In some ways, this particular installation’s history reflects Yang’s own career trajectory, from an artist who could not find a home for her work to one with museum and gallery exhibitions far and wide. Working in video, sculpture, drawing, painting, and, most of all, installation, she is seen as one of the most exciting Korean artists of her generation.
“What she’s doing is fresh and new, and it forces you to see things in a different way. She has a conceptual rigor,” says Christine Starkman, curator of Asian art at the MFA, who organized “Your Bright Future” with then LACMA curator Lynn Zelevansky and independent curator Kim Sunjung. Starkman notes the artist’s intensity and focus. “She is meticulous. You need to be on your toes to work with her,” she says. Though, she adds, “there’s a fragility in her that could make you cry.”
Yang grew up in Seoul and received her undergraduate art training at the Seoul National University Fine Arts College. “It was a traditional academy education in sculpture—terra-cotta, modeling, all of it,” the artist says. She moved to Frankfurt in 1994 to attend the Städelschule, “which was just the opposite kind of education— very open, hardly any obligatory courses.” She now splits her time between Seoul and Berlin.
Last year was a busy one for the artist. In addition to “Your Bright Future,” she had a residency at the Walker Art Center in Minneapolis in conjunction with a survey of her work titled “Integrity of the Insider,” which closed at the end of last month. She also represented Korea at the Venice Biennale. At one time she resisted national categories, but “now I’m acknowledging them to try to achieve something beyond that,” Yang says.
This year Yang will have a retrospective at the Artsonje Center in Seoul. The show, up from August 20 through October 31, will include what she calls a “major” new commission. Yang will also have a solo show at her Berlin gallery, Barbara Wien, where prices for her work range from $2,600, for small photographs, to $130,000, for large-scale installations with several components. She will be in numerous group shows this year, including one at Hayward Gallery in London, opening in June.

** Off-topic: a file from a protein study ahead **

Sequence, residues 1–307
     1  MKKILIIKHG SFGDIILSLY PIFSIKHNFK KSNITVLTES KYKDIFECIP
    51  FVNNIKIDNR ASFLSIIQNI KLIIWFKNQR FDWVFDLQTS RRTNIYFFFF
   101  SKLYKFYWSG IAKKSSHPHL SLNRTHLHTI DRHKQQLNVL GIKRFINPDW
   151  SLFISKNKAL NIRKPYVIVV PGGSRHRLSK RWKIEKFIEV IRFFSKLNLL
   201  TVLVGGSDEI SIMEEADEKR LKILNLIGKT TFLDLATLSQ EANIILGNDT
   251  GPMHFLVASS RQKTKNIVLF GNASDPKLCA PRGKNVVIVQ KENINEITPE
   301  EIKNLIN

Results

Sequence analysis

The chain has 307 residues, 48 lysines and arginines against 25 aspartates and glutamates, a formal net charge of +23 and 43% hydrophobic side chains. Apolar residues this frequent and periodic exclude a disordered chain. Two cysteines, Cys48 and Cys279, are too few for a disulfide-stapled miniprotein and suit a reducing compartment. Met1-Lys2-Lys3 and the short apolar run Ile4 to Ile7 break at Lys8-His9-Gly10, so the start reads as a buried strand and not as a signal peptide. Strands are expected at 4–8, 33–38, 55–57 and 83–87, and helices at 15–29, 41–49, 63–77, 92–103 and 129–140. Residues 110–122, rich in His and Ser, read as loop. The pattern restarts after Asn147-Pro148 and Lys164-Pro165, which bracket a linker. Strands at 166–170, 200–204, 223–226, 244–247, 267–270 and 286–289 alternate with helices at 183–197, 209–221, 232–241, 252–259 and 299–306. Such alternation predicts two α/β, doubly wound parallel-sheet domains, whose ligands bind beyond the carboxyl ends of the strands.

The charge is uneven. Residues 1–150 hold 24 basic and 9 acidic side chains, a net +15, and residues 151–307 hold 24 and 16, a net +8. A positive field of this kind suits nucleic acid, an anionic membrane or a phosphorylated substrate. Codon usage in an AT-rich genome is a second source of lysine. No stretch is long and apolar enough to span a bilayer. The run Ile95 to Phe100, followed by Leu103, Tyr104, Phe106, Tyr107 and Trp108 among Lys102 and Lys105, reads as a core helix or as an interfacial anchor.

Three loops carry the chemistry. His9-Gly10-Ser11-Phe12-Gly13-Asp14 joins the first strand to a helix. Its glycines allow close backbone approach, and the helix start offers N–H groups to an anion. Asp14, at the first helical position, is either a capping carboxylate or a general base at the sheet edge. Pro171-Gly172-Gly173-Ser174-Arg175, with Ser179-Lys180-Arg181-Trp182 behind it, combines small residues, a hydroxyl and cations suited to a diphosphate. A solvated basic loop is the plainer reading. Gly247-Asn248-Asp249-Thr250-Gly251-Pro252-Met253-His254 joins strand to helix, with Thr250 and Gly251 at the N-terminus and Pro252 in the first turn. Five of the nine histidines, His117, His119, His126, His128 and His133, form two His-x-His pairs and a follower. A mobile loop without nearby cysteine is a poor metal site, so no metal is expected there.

Yang’s first solo museum exhibition in the United States was at REDCAT in Los Angeles in 2008. Her sensuous installation Asymmetric Inequality incorporated wind, heat, light, and sound—generated by electric fans, heaters, Venetian blinds, mirrors, and moving theatrical lights. Viewers were invited to play a drum set that triggered the lights. “The idea is that you are asked to deal with contradictory sensations: disturbing, pleasing, nostalgic,” Yang says. For her, these sensations evoke the tropical experience of colonial Indochina, where novelist and filmmaker Marguerite Duras spent her childhood. Duras is a continuing source of fascination for the artist, who last month organized a screening series of Duras’s films at the Walker.